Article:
L’elisir d’amore @ De Munt/La Monnaie

InleidingThe lovely light opera L’elisir d’amore by Gaetano Donizetti was recently given at the awful Cirque Royal in Brussels. Having a round stage there is no optimum place, not for the orchestra and not for the singers: acoustically speaking, one will inevitably be in the way or unbalanced. The setting was redesigned for a round stage, however and together with the direction is absolutely worth seeing. This is by the talented Damiano Michieletto and has travelled much in the last few years (Madrid, Palermo, Graz, Valencia). Traditional-setting-aficionados will be disappointed as there are no Basque countries, no farms, no washerwomen, no garrison sergeants etc, instead we see the beach, a lifeguard (Nemorino), a beach kiosk, beach vendors etc. The skilfully transposed setting however works well due to a setting that everybody can relate to, a sparkling and funny direction and an astonishing work on the personalities and traits of the characters. Characters that Donizetti puts also in music. The sighs, the laughs, it’s all in the score. The conductor  keeps the music going, but very little chiselling is done in terms of getting the details out of the score. Also, in a period of increasing musical phylology, the elimination of the repetition of strettas and cabalettas is unacceptable.

elisirThe cast is mostly doubled. Anne-Catherine Gillet is an artist with discontinuous results. But I found her Adina good, her lower register is strong enough to avoid a soubrette-like voice and her coloratura fluid. Her Achilles heel is the top register which is hard and at the verge of shrill so “Vieni, per me sei libero” is sung like walking on eggs instead of being a sparkling outbreak of joy for the found love. But throughout the performances her confidence grew and Gillet displayed a very convincing Adina. On stage her Adina is a bit shrew-ish with an angry body language. Olga Peretyatko on the other hand is charmingly fickle and whimsical. Vocally she is more at ease with the belcanto style. About pronunciation I will refer to Donizetti; When L’elisir d’amore had its premiere in 1832, he wrote about his primadonna something that fits like a glove also to the two ladies here: La donna ha bella voce ma cio che dice lo sa lei (The primadonna has a beautiful voice but only she knows what she is saying). Antonio Poli and  Dmitry Korchak both offer a very compelling Nemorino, melancholic or strong as required, their phrasing varied, and their acting credible as clumsy and melancholic admirer. Armando Noguera and Riccardo Novaro are both very convincing on stage and sing well although the voices are sometimes lost in the space of the Cirque Royal. Aris Argiris acts very well but has some difficulty with the higher register and his vocalises are not fluid. Simon Orfila is an excellent Dulcamara, a fine actor and his voice uniform over the whole range. Giannetta is vocally and scenically well embodied by Maria Savastano.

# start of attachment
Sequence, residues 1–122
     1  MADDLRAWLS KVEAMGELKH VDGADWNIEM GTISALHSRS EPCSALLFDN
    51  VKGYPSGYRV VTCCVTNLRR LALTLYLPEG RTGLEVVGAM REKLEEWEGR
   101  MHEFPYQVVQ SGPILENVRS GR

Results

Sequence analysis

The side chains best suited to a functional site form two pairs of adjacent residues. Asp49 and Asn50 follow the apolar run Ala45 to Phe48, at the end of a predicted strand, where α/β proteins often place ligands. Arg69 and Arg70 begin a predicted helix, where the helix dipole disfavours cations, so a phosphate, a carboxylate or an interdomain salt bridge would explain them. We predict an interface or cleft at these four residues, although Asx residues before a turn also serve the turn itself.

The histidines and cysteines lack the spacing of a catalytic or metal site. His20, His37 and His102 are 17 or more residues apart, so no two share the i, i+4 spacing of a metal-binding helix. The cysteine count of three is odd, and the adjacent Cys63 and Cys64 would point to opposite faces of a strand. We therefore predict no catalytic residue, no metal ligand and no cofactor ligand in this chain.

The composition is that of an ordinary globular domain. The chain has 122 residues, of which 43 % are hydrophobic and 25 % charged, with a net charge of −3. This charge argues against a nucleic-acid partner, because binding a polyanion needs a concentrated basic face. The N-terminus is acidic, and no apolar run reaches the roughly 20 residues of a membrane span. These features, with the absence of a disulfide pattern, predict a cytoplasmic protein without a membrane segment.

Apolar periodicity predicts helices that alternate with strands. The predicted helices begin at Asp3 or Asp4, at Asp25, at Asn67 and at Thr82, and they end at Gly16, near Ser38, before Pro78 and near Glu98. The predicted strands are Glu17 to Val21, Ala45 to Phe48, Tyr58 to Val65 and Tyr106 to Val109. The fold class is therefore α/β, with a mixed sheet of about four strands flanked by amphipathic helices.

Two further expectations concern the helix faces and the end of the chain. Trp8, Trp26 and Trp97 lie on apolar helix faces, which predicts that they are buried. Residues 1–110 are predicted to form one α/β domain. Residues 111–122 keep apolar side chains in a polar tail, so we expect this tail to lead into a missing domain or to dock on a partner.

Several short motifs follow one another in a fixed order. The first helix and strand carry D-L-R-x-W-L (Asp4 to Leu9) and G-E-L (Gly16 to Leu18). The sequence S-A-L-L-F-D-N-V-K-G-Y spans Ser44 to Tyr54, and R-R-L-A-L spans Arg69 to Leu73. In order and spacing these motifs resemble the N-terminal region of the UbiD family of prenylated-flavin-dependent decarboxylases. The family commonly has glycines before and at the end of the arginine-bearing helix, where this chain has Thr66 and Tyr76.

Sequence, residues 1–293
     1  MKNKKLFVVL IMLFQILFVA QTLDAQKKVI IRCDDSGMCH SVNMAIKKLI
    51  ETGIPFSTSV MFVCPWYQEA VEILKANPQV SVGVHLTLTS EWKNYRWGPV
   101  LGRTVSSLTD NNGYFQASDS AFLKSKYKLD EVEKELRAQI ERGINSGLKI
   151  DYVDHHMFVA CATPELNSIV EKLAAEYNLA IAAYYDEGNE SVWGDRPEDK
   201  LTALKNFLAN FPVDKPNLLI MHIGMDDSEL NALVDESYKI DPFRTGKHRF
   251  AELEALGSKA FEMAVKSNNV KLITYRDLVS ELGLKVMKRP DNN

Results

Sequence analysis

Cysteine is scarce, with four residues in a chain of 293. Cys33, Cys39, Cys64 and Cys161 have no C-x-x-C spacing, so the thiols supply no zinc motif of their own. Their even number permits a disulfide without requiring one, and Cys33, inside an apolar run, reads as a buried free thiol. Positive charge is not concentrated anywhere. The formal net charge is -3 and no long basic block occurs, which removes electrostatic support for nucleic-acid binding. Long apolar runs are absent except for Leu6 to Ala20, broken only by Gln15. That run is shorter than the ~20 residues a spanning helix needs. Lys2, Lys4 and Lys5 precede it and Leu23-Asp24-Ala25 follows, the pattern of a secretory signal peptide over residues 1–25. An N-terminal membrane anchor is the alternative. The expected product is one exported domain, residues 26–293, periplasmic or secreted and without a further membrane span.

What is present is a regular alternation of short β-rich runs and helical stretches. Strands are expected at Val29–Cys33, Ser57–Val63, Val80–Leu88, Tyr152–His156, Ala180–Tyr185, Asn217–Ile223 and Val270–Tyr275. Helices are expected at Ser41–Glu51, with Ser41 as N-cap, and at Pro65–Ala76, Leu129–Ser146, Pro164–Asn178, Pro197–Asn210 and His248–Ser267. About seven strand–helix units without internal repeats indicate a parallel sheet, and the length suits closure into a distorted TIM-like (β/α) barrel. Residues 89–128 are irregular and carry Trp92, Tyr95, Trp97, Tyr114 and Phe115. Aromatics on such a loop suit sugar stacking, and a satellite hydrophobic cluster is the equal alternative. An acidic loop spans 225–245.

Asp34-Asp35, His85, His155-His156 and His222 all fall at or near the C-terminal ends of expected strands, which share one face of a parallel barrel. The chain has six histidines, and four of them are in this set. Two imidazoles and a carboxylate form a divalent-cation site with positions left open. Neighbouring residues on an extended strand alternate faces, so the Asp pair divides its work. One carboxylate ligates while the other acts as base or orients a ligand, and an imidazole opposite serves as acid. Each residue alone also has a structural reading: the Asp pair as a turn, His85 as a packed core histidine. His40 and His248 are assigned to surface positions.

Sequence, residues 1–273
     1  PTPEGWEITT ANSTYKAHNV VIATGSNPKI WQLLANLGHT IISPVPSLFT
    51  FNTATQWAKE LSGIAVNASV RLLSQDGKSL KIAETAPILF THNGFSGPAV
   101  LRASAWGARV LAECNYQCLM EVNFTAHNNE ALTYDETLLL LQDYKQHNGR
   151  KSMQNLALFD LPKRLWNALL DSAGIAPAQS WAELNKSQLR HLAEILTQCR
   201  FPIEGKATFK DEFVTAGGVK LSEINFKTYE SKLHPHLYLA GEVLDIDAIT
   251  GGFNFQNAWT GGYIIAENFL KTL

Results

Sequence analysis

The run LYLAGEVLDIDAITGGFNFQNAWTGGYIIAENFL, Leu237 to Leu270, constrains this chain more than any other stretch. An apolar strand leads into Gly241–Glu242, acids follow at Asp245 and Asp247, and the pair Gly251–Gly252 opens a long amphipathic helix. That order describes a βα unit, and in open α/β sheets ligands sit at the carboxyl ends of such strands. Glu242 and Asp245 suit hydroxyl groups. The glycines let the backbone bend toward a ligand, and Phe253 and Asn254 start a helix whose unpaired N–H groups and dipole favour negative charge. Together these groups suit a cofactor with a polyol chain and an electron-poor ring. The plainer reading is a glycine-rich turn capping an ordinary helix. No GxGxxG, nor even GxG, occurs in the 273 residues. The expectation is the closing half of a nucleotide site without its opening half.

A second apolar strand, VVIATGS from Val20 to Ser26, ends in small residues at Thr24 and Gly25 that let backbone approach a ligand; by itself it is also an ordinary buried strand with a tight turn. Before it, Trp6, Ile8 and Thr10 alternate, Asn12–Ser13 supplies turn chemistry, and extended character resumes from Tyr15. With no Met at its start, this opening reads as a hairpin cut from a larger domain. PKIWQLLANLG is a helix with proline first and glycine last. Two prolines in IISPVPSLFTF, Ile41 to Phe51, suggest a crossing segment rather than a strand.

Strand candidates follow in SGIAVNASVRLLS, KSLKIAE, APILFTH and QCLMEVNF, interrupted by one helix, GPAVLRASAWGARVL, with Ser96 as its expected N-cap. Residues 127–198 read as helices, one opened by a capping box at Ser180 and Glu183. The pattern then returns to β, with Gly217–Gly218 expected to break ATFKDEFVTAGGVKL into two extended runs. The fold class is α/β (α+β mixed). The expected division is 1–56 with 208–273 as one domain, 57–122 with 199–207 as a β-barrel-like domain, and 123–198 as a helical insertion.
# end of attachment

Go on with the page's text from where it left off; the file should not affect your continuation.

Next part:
Music director-Thomas Rösner, Director-Damiano Michieletto, Set design-Paolo Fantin, Costumes-Silvia Aymonino, Lighting-Alessandro Carletti, Adina-Anne-Catherine Gillet, Olga Peretyatko, Nemorino-Antonio Poli, Dmitry Korchak, Belcore-Armando Noguera, Aris Argiris, Dulcamara-Riccardo Novaro, Simon Orfila, Giannetta-Maria Savastano


  1. wow. Non è molto chiaro per me, ma davvero, Lei è italiano??
    Giusto per farmi migliorare, che cosa non ha capito nella mia pronuncia?))

    • Dear Adina,
      Before I answer, let me tell you that you accompanied my operatic life several times. And although I was skeptical with your Desdemona in Pesaro (the door-Otello), I started to admire you as Giulia (Scala di Seta). You looked superb in Sigismondo and your Aldimira is one of my fondest memories and most watched DVD’s. And if Aldimira was not enough, Didone and Cerere followed to impress. And of course Matilde. So for me it is a real joy to hear you sing. Elisir is a bit special. It’s less conventional than for eg a Rossini partially anchored in classicism, it’s Italian flair, it’s about showing all facets, being malicious, devious, tender, lovingly, flirtatious. It’s a wonderful character, but if I cannot understand all that, it looses interest. And yes, I am Italian and yes I admire you as an artist, and I will always applaud you screaming “brava”, and the acoustic of the Cirque didn’t probably help, but yes, not everything was understandable. And I must admit it’s a severe judgment seen how much I enjoyed the production, but I wrote it because I hold you in high regard.
      With love

  2. Dear Armida,
    Thank you for your critic. Of course, it was my first Adina, and my first real experience in bel-canto. And of course, i still have to migliorare a lot of things. And i understood, but it was a little bit late, that one of the challenges was to avoid to give and to play only an angry girl…Adina-Anne-Catherine

    • Dear Ms Gillet,
      nice to see you have read my blog. Indeed, first big belcanto experience, although I started to appreciate you as Barbarina and Clorinda in Ghent, Jemmy in Liege and some others. But you made a big impression on me as Cendrillon in the Monnaie. Very charming also as Madame Tell in Gretry’s Tell. But then there was Gilda in the Monnaie and I went to see L’elisir d’amore with many prejudices. All of which were swept away when I heard you sing Adina: from the clean triplets in “ne sapessi la ricetta”, over the uniformly voiced “Per guarir da tal pazzia”, to the spirited “Il mio rigor dimentica” (the second time I heard it). And all of which made me wish to hear more of you. Even belcanto 🙂
      with all my respect

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